Conservative commentator Amanda Carpenter's vocal criticism of Donald Trump has made her a target online. She talks about her experience, and her anger at Trump's supporters within the Republican party. (Deirdra O'Regan/The Washington Post)

The Outrage Machine is a regular opinion column by voices from the left and right on Washington and politics.

The other night my 3-year old son brought me a bedtime story to read him, “Woodrow for President.” It was a fictional book I picked up from the Senate gift shop about a big-hearted, charitable, respectable mouse who ran for and became president.

The sweet, innocent tale was designed to teach children all the right lessons about the electoral process and how a candidate should be gracious and grateful for the opportunity to serve. As I read it, tears welled in my eyes. As dearly as I wanted to tell my son this is how presidents campaign and win, that was not the case in 2016.

In many ways, now-President-elect Trump’s candidacy hinged on sex, lies, and videotape. The last time I wrote for the Washington Post, I was certain Trump’s disgusting behavior toward women would disqualify him from claiming the highest office in the land. I was wrong. Trump won white women by 53 percent, prompting many progressives to accuse them of being traitors to their gender.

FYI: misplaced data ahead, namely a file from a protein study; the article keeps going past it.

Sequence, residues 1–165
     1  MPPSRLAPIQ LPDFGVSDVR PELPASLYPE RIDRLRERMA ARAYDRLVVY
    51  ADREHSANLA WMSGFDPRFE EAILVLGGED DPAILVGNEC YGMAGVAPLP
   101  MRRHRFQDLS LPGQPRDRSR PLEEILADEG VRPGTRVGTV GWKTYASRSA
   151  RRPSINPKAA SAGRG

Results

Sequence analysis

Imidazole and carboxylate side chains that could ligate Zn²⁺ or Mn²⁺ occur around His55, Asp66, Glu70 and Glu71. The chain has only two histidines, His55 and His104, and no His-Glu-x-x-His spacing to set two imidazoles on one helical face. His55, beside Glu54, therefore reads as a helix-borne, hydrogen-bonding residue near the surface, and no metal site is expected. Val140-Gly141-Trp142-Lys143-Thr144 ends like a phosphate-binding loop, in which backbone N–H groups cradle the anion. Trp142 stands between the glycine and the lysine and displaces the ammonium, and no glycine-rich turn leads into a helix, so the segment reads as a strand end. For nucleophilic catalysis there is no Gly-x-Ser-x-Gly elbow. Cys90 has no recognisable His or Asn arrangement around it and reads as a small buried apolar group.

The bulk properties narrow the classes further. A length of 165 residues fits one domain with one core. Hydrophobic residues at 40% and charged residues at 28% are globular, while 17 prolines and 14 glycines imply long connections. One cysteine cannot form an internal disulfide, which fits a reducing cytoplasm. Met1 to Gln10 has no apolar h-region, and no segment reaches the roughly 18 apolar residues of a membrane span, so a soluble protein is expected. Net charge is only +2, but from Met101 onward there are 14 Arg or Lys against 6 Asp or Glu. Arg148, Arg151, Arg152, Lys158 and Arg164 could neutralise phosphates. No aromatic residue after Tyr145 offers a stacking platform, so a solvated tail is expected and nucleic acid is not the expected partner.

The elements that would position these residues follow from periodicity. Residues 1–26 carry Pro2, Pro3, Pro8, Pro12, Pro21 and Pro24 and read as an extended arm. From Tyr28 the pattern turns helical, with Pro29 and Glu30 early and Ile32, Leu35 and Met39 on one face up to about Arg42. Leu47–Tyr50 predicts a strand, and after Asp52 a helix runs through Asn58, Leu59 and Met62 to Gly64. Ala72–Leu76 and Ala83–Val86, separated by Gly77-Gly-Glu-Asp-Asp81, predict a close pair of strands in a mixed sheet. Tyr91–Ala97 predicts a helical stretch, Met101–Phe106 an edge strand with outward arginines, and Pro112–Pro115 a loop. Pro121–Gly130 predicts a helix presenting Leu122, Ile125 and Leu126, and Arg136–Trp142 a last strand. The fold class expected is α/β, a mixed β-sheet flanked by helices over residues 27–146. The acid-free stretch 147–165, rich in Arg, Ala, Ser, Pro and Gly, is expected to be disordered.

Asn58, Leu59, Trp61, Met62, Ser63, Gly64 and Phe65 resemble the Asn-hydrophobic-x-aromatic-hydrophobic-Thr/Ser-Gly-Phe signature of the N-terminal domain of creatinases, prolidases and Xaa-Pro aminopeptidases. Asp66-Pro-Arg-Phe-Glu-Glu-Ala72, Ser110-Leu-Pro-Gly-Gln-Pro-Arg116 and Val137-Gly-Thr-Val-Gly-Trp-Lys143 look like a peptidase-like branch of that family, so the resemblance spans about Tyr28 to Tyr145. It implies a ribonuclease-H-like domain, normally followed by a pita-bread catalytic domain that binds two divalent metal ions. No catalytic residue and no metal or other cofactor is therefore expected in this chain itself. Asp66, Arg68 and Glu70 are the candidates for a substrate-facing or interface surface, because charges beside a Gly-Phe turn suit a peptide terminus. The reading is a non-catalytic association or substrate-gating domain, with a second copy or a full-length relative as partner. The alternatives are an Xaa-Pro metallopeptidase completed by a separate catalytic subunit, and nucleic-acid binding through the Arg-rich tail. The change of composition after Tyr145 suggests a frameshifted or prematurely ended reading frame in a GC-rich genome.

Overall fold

“White women sold out the sisterhood and the world by voting for Trump,” one Slate headline read. A former communications director for the Clinton campaign recently told MSNBC that “internalized misogyny” led white women to support Trump.

Should progressives really want to find out the reason Clinton lost, however, it will require them to crawl out of their safe spaces and realize this is the sort of senseless liberal blame-shifting that tempts even members of #NeverTrump to don a “Make America Great Again” hat.

If anyone wants to blame women for Clinton’s loss, they ought to start with Hillary Clinton.

Clinton repeatedly misled the public about the circumstances of her off-the-books email system and became the first candidate in history to be under FBI investigation while campaigning to be president. That’s her fault.

Clinton, essentially, positioned herself as the anointed inheritor of President Obama’s third term instead of crafting her own identity in an obviously anti-establishment year. She ran on all the policies Republicans opposed in previous elections that led the GOP to win record numbers of state legislative chambers, governors’ races, as well as control of Congress. That’s her fault.

Clinton never stepped foot in the state of Wisconsin, even though it’s home state to the Republican national committee chairman, the well-liked GOP speaker of the House, and a governor who beat the labor unions in a terribly contentious right-to-work battle. According to NBC News, Trump spent 50 percent more time in battleground states in the last 100 days of the election. That’s her fault.

She ran a misguided campaign and its list of miscalculations, both macro and micro, is long. Don’t say Clinton was disadvantaged because she was a woman because as a Clinton she had every advantage possible. She had money, the staff, the ads, and institutional support needed for a successful run. And, she still blew it, folks.

Instead of blindly blaming women, Democrats should ask themselves what they did to make Clinton more competitive.

While both candidates and their campaigns were flawed, there is a gaping difference between the way they are discussed by Republicans versus Democrats.